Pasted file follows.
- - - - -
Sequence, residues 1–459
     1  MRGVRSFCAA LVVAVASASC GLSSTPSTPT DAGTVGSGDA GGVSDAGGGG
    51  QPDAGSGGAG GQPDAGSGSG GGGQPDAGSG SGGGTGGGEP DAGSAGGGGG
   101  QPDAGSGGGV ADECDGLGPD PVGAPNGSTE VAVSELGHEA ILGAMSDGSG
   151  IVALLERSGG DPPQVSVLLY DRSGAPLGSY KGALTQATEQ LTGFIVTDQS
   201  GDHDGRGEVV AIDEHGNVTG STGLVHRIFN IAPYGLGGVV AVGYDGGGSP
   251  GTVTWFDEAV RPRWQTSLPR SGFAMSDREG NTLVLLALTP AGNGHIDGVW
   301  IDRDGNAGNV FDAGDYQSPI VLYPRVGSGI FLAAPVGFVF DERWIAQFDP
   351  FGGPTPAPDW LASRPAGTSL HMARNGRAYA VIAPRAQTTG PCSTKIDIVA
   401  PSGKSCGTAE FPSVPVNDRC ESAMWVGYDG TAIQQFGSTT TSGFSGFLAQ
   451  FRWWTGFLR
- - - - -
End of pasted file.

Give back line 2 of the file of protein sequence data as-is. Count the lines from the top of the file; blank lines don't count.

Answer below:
     1  MRGVRSFCAA LVVAVASASC GLSSTPSTPT DAGTVGSGDA GGVSDAGGGG